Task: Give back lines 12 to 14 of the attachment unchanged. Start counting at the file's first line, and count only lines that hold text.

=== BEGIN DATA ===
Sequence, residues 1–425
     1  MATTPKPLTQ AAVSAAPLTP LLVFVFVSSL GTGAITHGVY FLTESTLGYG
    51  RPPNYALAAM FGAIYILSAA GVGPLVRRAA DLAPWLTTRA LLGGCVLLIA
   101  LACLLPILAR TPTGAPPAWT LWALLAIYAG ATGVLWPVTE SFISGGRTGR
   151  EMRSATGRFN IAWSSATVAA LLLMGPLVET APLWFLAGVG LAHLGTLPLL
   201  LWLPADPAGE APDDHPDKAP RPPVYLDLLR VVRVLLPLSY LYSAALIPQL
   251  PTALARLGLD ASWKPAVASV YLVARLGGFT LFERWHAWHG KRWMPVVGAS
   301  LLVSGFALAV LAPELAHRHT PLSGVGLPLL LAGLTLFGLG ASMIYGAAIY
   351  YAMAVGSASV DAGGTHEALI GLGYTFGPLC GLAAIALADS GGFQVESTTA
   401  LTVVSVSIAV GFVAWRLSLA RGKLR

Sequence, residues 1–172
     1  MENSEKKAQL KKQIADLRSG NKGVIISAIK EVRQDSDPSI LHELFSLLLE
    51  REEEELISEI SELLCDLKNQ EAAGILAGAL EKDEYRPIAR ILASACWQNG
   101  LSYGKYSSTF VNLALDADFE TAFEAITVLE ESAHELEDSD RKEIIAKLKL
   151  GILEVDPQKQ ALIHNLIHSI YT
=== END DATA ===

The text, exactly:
     1  MENSEKKAQL KKQIADLRSG NKGVIISAIK EVRQDSDPSI LHELFSLLLE
    51  REEEELISEI SELLCDLKNQ EAAGILAGAL EKDEYRPIAR ILASACWQNG
   101  LSYGKYSSTF VNLALDADFE TAFEAITVLE ESAHELEDSD RKEIIAKLKL